By Roy Saunderson
Exceptional senior leaders are visionaries whose mandate is to inspire other leaders to follow them, and together, they achieve specific goals. The universal bottom line is to increase business through positive customer results, which produces a healthy profit and good return on investment for shareholders. But the vision alone won’t get you there—proper execution is required. And that means recognizing employee efforts, commitment, and successes.
While such recognition might seem like a no-brainer, many companies don’t provide it, nor do they offer training on how to do it right. When training senior leaders on how to say, “Thanks for a job well done,” the key is ensuring they feel urgency and purpose. By utilizing the process by which all 24/7 news networks disseminate information—a.k.a., the “CNN Effect”—you will grab their attention, persuade them to stay tuned in to the value, and implement the lessons learned in recognition training.
Scroll Bar Advisories
Find a visionary manager. Give him or her your vision. Keep your message short and sweet.
For example, tell them about the latest recognition training for managers and say it in about 15 to 25 words: “Have you seen the new online training video for helping managers use recognition to improve business results? Let me send you the link.” Then send them the link and the highlights that will have meaning for them, such as “Using an employee’s first name when acknowledging their performance will increase productivity for several days.” That kind of data—along with the online video to support it—should heighten their alertness to your news advisory for the value of recognition training.
It’s just happened. Good news or bad, keep your leaders immediately informed.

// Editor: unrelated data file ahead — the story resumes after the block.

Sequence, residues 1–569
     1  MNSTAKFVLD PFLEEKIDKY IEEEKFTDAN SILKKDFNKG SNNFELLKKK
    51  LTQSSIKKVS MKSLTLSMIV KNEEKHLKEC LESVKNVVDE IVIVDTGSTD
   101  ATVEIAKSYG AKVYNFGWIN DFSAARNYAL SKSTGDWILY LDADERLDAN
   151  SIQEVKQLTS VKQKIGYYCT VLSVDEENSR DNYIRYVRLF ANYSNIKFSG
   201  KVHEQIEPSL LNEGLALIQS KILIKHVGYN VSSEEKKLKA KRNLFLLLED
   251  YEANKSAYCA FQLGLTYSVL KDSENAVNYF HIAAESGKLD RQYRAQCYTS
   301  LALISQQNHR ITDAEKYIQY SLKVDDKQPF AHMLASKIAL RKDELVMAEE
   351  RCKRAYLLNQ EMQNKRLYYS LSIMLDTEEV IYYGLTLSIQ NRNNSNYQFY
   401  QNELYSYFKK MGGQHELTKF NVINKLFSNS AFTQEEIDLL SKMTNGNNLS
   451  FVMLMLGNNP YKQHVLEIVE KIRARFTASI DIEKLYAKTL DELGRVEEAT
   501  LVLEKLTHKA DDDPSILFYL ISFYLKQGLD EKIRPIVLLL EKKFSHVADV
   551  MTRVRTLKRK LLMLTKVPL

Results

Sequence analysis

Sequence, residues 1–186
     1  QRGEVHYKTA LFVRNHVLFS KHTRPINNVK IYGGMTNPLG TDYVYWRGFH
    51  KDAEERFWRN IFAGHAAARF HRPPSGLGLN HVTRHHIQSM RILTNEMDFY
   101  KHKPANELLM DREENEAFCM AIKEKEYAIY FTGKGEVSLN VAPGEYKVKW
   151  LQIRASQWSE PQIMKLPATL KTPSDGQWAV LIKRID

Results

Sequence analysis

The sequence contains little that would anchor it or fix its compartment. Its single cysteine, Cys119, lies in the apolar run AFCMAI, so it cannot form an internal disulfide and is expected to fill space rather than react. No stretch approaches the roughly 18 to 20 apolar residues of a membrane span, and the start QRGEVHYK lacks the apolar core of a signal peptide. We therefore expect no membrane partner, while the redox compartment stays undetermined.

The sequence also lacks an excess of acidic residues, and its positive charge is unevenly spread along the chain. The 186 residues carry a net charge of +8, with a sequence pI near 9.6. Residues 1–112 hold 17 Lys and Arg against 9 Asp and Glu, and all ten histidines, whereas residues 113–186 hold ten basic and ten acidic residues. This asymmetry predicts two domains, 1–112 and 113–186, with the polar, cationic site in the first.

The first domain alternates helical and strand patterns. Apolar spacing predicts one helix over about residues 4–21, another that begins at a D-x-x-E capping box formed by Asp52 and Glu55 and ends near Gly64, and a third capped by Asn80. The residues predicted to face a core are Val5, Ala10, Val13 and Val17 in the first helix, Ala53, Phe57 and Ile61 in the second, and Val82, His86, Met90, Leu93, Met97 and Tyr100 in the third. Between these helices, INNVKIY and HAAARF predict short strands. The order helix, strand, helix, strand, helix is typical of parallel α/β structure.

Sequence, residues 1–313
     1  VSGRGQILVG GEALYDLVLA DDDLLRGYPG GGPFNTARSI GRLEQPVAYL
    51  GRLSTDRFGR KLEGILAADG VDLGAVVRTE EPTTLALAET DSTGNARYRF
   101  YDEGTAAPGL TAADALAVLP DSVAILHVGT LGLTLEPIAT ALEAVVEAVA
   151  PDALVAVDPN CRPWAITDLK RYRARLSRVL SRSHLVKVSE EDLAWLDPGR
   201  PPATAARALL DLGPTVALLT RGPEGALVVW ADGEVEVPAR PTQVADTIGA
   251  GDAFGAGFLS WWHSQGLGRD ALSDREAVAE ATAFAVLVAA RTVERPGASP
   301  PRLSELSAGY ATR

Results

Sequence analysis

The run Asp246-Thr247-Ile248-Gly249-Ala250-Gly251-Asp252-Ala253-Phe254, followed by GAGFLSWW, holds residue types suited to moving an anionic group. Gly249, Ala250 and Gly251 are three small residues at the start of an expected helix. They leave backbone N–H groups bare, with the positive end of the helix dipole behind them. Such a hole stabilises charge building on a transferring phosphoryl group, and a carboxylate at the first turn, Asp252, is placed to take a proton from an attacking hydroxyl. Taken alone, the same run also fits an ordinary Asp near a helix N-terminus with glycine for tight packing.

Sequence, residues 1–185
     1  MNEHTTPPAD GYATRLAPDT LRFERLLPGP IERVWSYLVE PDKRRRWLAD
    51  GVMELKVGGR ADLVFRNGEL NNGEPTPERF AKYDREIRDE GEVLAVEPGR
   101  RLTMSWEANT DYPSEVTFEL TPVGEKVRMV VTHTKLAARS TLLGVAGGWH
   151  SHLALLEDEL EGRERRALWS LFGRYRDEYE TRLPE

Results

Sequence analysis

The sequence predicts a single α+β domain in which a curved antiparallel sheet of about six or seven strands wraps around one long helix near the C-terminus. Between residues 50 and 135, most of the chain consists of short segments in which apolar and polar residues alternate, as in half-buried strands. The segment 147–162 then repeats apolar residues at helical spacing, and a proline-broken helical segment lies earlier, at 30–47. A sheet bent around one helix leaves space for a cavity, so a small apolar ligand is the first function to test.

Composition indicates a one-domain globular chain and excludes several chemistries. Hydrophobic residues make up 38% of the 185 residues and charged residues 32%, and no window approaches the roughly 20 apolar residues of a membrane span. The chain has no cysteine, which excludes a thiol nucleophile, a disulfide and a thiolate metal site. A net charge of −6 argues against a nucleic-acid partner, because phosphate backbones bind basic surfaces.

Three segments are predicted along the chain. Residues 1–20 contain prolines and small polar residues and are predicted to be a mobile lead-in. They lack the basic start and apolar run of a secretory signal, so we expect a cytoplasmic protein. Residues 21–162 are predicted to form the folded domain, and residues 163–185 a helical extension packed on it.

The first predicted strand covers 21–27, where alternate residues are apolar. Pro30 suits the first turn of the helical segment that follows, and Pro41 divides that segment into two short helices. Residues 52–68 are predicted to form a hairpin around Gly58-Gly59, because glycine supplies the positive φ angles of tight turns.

Share the story of an employee providing exemplary customer service and suggest a phone call or personalized letter from the leader acknowledging them. When an employee is missed at a career milestone event, tell a senior leader so he or she can correct negative misperception and prevent unneeded gossip. If you learn from follow-up survey results that employees have negative perceptions of leaders not presenting awards in a meaningful and honoring manner, don’t wait until next year to fix the situation. Move quickly on damage control and immediately suggest individual coaching sessions or training for senior leadership.
No surprises. Tell them what has happened and what is on the horizon.
Only 48 percent of organizations have a written recognition strategy. Yet 96 percent of companies that do have a recognition strategy have one that is aligned with their company’s business strategy. Continually educate your leaders on employee recognition with the latest research and make the connection to business results and employee metrics. Make sure they know the progress of new recognition programs and outcomes from employee engagement surveys especially related to employee recognition. And, most importantly, make them accountable for owning it in their own department by sharing their department programs from design to execution. While company deliverables and deadlines will shift based on consumer demand and supply chain processes, recognition plans should not be laid aside but rather realigned with the new schedule.